Mainz Daily Photo

The Gates of the Gutenberg Museum – The story so far – #1336

A while back, I did a fairly flippant post about the 4 bronze panels in front of the Gutenberg Museum in Mainz.

Walked past them often enough on the way to and from the market, but never thought to find out anything about them.
Tasked with doing so by the Faithful (Virginia, Kate, Paul, Gucki et al), I quickly found out that there is NO easily accessible knowledge about the sculptures.

  • The museum shop knows nothing
  • The museum management knows nothing (well, ALMOST nothing and if they know more, they’re not telling…)
  • The city knows nothing
  • The cultural chroniclers know nothing
  • The guidebooks know nothing
  • Wikipedia knows nothing
  • Google knows nothing bugger all

This is about to change.

  • I’ve tracked down the artist
  • I know the history of the commission
  • I know the story of the gates and how they were made almost 50 years ago
  • I’ve learnt the casting process from a local fine art foundry
  • I’ve learnt that when you tell people the story, they’re spellbound

It’ll be an 12-part serialisation starting today.

I’ve now (2017) updated the information and rolled it into one article here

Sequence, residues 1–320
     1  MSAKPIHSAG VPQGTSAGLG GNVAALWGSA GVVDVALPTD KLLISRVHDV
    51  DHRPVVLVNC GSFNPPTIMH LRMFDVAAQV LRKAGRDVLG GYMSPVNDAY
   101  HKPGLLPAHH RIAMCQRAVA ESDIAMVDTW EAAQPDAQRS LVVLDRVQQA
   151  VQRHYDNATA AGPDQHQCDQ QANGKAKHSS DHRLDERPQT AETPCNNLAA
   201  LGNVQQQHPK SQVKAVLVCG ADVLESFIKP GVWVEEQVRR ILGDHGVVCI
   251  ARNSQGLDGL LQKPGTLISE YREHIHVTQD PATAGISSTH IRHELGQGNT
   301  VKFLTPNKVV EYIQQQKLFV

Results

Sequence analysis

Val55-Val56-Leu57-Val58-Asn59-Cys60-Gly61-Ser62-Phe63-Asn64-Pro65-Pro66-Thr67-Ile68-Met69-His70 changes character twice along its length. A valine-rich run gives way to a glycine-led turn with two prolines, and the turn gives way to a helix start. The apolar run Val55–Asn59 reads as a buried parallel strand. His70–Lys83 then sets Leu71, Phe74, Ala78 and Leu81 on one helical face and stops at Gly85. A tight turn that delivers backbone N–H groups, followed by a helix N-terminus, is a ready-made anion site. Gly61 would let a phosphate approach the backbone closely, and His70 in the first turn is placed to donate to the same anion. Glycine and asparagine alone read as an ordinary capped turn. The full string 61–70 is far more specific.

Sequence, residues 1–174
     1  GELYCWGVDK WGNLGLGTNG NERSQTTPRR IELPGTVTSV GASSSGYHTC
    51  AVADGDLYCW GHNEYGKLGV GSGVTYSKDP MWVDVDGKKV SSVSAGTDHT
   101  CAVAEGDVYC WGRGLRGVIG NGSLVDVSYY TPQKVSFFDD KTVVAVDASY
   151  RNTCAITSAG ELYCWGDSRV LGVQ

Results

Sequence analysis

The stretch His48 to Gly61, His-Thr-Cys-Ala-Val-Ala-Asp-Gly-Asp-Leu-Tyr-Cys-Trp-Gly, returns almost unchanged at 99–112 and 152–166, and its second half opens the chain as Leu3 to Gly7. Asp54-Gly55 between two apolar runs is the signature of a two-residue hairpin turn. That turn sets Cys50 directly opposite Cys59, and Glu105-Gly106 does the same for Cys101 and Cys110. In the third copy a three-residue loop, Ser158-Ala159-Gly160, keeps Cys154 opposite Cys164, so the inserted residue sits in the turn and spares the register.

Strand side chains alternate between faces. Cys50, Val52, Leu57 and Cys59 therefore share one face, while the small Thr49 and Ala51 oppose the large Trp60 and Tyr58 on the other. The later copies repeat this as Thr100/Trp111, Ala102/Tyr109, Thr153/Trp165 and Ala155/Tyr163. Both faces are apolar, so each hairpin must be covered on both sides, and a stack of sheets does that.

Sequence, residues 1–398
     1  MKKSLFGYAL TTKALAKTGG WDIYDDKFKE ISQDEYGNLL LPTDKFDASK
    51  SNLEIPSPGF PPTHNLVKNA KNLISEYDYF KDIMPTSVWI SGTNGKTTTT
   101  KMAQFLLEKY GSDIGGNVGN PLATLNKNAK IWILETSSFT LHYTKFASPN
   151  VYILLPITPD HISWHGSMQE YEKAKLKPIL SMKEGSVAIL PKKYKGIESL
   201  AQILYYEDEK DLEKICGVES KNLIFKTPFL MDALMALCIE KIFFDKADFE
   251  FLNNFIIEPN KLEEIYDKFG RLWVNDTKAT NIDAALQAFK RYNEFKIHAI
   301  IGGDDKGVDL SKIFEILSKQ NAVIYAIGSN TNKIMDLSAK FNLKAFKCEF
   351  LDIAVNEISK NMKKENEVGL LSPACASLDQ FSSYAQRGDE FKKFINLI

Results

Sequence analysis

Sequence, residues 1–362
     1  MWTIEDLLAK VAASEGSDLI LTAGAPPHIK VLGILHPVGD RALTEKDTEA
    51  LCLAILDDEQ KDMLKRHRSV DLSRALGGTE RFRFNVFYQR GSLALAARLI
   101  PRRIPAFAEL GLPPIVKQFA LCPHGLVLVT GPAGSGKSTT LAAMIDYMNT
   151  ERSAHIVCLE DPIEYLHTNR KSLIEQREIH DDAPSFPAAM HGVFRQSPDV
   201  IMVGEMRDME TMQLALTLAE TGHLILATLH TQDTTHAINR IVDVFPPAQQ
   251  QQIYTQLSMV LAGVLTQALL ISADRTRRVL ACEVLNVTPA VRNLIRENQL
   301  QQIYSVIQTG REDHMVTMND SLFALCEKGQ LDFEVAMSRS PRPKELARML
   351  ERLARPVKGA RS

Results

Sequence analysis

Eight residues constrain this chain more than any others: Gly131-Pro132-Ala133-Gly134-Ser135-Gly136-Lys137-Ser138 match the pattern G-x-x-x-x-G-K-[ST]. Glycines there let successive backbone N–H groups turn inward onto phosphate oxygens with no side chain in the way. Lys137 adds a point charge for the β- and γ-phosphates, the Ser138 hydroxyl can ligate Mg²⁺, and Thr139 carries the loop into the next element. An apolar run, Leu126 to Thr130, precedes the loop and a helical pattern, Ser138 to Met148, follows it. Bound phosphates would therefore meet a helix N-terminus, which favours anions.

By the end of it, we’ll have a repository of available knowledge about a work of art from a sculptor described as “one of the most important artists of figurative sculpture of the second half of the 20th century”

What I can’t get my head around, though, is why I’m the only person who’s ever bothered to try and find out.

It’s not as if you can overlook them.

They’re as big as barn-doors , for goodness’ sake…

This entry was published on 12 May, 2011 at 07:00. It’s filed under Gutenberg Museum, Mainz, The gates of the Gutenberg Museum and tagged , . Bookmark the permalink. Follow any comments here with the RSS feed for this post.

Leave a reply - you don't need to enter your email address, but I moderate new visitors to avoid getting murdered by spam.

Fill in your details below or click an icon to log in: Logo

You are commenting using your account. Log Out /  Change )

Facebook photo

You are commenting using your Facebook account. Log Out /  Change )

Connecting to %s

This site uses Akismet to reduce spam. Learn how your comment data is processed.

%d bloggers like this: